At the time when I was still post-doc in the group, I was helping out Prof. Picchioni in the supervision of students for their MSc thesis in Chemical Engineering. I had the idea of putting together two topics we were working on: synthesis of polymers via ATRP, and reversible Diels-Alder chemistry, for the preparation of self-healing materials. My idea was based on introducing furfuryl methacrylate, a relatively inexpensive and possibly even bioderived molecule, in the polymer structure. With ATRP we can add (at least in theory...) how many units we want, and where we want them. Then, we can reversibly cross-link the polymers with a bis-maleimide (see figure below) to obtain thermally reversible materials. The latter is something that has been done in the group for many years, but now, with the aid of a controlled radical polymerization method, we can introduce a lot more variability and we can study the influence of the polymer different structure (diblock, triblock, star-block, random) and composition (relative amount of furan groups in the structure) on the final properties of the material. As partner for our monomer, we choose styrene, simply because its polymerization with ATRP is very well studied, and I had experience with it.
The idea was not entirely new at the time (of course, as a researcher, the most common experience is finding out that somebody else already published your idea...), but a systematic study was never performed, on such a large variety of structures. Francesco liked it, and put two of our best Master students to work on it for their thesis, under my supervision.
One of the results I am most proud of, is represented by this graph below. It shows nicely how the cross-linking density (how many cross-links are present per unit volume of material), measured by swelling experiments correlates with the relative amount of furan groups (which makes sense, because these are responsible of cross-linking), but also (and this is more surprising) with the polymer architecture: 6-arm star polymers have a significantly higher cross-linking density than linear polymers, at the same relative amount of furan groups. In this one graph there is a lot of work condensed. The paper contains other interesting observations (if I may say so myself...) that may apply in general to self-healing materials based on Diels-Alder chemistry.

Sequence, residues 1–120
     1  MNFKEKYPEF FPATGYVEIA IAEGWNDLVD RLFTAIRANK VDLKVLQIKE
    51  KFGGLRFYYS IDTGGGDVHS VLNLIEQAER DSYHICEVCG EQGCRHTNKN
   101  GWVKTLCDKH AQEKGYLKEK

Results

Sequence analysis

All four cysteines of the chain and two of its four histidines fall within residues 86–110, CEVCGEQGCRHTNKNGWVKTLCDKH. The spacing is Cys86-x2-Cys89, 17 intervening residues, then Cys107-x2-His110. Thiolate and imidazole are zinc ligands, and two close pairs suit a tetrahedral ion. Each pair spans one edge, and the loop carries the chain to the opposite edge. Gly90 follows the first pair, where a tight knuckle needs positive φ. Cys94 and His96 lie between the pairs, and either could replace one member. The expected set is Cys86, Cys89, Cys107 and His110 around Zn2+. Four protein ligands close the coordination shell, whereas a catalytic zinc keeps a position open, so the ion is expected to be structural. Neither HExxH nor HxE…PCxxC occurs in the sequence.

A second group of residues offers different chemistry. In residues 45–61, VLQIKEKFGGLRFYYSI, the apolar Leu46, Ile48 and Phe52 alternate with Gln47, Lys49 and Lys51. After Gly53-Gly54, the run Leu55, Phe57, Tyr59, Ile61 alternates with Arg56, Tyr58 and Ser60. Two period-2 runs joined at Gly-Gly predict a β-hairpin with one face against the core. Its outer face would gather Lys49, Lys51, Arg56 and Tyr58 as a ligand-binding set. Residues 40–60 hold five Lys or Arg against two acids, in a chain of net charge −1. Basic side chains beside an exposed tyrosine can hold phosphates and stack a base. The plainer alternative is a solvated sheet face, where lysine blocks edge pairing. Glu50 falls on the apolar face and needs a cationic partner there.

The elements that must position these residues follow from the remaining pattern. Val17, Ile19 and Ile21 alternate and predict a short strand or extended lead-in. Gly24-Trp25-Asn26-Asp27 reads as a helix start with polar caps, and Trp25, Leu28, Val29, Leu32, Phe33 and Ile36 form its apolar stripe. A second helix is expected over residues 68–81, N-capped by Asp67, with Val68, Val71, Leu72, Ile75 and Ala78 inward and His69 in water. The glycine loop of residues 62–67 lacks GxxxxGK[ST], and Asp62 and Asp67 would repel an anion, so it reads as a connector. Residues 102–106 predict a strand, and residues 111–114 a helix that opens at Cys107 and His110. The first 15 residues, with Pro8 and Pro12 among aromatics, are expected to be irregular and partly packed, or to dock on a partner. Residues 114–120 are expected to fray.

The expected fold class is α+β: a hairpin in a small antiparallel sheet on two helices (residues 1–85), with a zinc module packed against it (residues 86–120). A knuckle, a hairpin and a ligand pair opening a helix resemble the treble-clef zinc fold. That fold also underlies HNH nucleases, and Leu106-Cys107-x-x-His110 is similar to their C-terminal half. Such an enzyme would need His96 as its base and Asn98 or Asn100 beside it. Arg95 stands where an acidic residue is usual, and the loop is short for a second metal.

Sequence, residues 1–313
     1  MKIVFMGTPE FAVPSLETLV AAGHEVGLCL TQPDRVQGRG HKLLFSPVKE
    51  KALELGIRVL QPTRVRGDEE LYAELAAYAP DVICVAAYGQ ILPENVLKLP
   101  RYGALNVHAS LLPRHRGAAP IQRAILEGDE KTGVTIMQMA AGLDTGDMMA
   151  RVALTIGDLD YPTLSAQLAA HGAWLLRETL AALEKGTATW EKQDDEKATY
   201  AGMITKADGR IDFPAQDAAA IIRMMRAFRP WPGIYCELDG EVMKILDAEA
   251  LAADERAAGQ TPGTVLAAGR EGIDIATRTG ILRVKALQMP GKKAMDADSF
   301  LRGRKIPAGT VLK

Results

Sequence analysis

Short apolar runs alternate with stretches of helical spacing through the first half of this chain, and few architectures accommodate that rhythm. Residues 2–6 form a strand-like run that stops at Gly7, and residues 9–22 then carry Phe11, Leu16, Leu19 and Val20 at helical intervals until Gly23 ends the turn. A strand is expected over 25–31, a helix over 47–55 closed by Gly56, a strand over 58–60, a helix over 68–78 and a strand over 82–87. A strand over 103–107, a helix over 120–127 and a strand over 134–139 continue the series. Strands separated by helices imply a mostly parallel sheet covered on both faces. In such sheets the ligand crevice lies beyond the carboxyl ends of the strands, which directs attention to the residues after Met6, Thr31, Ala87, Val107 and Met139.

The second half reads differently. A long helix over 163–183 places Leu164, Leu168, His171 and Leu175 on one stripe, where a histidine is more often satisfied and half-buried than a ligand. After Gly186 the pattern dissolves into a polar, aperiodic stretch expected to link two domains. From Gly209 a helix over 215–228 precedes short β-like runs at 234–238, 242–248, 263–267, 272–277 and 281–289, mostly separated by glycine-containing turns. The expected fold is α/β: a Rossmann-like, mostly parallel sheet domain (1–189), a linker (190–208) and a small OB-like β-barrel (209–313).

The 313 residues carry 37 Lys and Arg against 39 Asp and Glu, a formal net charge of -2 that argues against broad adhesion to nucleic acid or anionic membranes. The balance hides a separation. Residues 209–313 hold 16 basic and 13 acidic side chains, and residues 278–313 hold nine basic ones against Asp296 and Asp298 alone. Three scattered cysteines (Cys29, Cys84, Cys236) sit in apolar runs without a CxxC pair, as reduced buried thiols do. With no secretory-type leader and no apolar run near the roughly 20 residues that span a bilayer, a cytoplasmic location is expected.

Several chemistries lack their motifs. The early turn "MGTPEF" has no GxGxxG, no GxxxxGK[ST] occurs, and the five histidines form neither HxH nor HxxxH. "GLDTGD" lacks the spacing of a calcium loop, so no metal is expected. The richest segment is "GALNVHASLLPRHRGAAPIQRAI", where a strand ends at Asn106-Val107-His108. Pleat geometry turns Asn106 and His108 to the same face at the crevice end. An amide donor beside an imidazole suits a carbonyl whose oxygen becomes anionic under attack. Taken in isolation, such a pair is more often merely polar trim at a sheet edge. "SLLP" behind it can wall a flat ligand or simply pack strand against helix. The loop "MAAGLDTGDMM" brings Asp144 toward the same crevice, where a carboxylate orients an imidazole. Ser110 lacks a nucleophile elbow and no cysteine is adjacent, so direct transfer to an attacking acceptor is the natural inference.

As I mentioned, this work was done by two very nice students we had in our group, Amanda and Julian. We had a great time back then in the lab, and they produced a very large amount of data, that took me very long time to put together in this work, on and off during more than 5 years. They are long gone now, continuing with their career away from the university, but they were both happy that we finally managed to publish their effort. It was worth it in the end. You can read the paper open access here, if you are interested. The journal offered me to publish an inside cover for the issue where this paper will appear. We'll see how that goes... Stay tuned!
As a follow up of this work, we repeated a similar approach to make reversible rubber materials, by replacing styrene with butyl acylate. We got interesting results, but it will probably take 5 more years to get those published too...